Sentiment is growing for the Environmental Protection Agency to establish some type of cutoff for use of dicamba next year, when the agency makes it decision on whether to allow use of the controversial herbicide in 2019.

Both the national group representing pesticide applicators and the Illinois Fertilizer & Chemical Association (IFCA) recently spoke up in favor of limiting application of dicamba products “over the top,” or after soybeans have been planted. This was after Beck’s Hybrids surprised the industry in late July by urging EPA to allow dicamba to be used only in pre-plant applications, citing continued reports of dicamba drift this year, just as there were last year.

The American Association of Pest Control Officials (AAPCO) urged the agency in a letter sent late last month to establish “an early season cutoff date” beyond which dicamba could not be used, while still giving the states flexibility to set their own cutoff dates. IFCA, in its own letter, recommended that EPA not allow use beyond the V6 growth stage for soybeans but also establish a firm cutoff date of June 30.

“States may need some flexibility in setting a cutoff date depending on their geography and soybean planting dates, but not going much beyond the summer solstice can be a reasonable guideline,” IFCA President Jean Payne said in her letter to EPA.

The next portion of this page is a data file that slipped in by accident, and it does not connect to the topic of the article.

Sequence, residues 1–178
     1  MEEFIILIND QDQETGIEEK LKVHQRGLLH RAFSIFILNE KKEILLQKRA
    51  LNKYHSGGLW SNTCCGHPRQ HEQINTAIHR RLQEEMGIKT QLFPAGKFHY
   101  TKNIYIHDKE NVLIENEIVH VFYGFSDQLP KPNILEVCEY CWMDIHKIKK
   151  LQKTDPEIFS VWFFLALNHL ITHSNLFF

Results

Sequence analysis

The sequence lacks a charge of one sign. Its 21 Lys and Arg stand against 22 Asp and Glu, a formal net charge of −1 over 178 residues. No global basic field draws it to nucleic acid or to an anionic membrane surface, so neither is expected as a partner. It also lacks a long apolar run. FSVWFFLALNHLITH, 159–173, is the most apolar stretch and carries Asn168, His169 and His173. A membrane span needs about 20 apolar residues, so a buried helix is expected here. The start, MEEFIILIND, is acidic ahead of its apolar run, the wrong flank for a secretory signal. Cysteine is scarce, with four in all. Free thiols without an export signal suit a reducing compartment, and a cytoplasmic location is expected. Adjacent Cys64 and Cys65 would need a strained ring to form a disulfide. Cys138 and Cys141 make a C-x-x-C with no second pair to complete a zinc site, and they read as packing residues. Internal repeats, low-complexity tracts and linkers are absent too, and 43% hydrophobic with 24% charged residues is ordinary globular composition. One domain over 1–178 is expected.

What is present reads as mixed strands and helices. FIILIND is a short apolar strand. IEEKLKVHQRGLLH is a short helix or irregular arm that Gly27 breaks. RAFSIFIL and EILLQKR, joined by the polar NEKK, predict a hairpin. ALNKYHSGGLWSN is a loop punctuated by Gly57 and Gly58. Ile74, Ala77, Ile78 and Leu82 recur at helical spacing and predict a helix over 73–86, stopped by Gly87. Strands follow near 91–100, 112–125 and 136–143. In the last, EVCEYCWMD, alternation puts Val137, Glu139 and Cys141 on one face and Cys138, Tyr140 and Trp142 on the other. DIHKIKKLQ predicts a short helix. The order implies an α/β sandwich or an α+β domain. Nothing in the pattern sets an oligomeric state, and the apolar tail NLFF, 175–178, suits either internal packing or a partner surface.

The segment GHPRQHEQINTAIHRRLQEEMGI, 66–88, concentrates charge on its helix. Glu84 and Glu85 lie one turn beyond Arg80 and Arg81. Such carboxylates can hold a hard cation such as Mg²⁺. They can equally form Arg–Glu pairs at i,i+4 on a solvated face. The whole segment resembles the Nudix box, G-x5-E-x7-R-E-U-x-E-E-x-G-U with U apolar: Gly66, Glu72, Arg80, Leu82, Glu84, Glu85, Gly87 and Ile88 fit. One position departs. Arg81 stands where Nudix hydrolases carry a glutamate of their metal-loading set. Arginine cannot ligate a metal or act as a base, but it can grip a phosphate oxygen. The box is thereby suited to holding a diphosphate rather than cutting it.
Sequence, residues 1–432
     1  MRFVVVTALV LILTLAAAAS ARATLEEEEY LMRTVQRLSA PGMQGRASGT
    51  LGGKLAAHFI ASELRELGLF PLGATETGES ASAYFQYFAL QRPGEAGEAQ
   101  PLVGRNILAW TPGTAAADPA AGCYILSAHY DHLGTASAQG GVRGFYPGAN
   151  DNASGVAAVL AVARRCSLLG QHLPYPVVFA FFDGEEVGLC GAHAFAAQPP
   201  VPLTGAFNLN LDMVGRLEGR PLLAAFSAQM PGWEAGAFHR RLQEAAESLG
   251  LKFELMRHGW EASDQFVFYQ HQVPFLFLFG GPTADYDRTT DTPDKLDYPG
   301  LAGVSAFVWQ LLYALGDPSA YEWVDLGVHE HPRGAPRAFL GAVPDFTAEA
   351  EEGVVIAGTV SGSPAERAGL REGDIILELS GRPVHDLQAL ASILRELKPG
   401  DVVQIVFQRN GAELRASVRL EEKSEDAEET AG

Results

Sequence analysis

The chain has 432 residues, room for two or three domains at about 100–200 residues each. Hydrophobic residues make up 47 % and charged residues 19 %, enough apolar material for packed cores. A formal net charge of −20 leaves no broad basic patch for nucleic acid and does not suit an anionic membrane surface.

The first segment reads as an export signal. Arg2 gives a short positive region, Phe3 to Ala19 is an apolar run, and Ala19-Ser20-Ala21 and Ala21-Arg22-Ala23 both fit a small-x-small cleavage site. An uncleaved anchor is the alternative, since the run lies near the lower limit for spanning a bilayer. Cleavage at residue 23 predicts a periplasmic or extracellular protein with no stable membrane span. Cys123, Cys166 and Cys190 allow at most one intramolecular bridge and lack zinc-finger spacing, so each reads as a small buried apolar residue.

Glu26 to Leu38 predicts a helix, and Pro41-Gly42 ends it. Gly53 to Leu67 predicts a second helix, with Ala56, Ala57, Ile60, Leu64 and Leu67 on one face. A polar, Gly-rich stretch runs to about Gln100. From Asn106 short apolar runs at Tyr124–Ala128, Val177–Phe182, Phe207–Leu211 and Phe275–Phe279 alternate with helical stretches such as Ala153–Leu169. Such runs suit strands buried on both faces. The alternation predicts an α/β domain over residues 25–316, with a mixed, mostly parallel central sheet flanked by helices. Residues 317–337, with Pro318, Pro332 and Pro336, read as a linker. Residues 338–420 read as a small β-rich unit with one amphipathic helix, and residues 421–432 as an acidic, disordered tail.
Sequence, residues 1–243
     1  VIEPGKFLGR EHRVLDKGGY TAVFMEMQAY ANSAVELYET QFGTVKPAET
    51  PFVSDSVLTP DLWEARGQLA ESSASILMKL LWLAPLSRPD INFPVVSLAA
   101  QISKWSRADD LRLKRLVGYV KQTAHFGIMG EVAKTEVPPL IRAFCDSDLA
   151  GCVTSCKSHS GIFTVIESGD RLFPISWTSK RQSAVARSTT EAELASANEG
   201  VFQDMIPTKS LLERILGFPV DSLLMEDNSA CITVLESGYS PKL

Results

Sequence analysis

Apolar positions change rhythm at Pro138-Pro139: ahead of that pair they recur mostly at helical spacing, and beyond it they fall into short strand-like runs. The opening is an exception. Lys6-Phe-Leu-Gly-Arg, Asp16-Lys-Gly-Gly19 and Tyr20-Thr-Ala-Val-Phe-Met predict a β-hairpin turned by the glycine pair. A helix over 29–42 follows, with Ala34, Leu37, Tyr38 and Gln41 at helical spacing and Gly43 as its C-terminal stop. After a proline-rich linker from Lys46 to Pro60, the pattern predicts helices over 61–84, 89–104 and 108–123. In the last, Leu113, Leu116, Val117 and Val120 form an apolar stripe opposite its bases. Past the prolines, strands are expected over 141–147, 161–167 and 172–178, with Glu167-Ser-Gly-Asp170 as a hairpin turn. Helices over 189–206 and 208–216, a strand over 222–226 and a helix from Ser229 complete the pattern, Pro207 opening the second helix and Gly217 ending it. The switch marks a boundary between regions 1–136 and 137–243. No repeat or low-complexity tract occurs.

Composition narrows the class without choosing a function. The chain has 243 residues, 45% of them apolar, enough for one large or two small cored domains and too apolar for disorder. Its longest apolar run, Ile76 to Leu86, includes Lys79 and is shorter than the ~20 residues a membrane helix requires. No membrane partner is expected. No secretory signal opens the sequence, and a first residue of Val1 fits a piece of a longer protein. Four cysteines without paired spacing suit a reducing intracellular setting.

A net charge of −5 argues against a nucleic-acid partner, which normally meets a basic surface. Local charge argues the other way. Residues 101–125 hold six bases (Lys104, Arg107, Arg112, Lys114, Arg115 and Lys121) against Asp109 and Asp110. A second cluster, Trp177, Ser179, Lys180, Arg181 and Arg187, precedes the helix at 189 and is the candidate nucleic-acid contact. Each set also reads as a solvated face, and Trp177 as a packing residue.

Dicamba formulations produced by Bayer (Xtendimax) and BASF (Engenia) are designed for use with genetically engineered RoundupReady 2 Xtend soybeans and Bollgard 3 XtendFlex cotton. While effective in controlling weeds, the products also have been blamed – last year and this year – for damage to non-GMO soybeans and other plants, such as fruit trees and ornamentals.

EPA must decide by Nov. 9, when the two-year registrations for Xtendimax and Engenia expire, whether to cancel them or impose more conditions on their use. Last October, EPA and the registrants agreed on changes to the label that would, the agency and the companies hoped, reduce the number of drift damage complaints this season.

Comprehensive data are not available on the number of complaints filed with state agencies responsible for pesticide enforcement, but it’s safe to say that while some states have seen an improvement, others have not.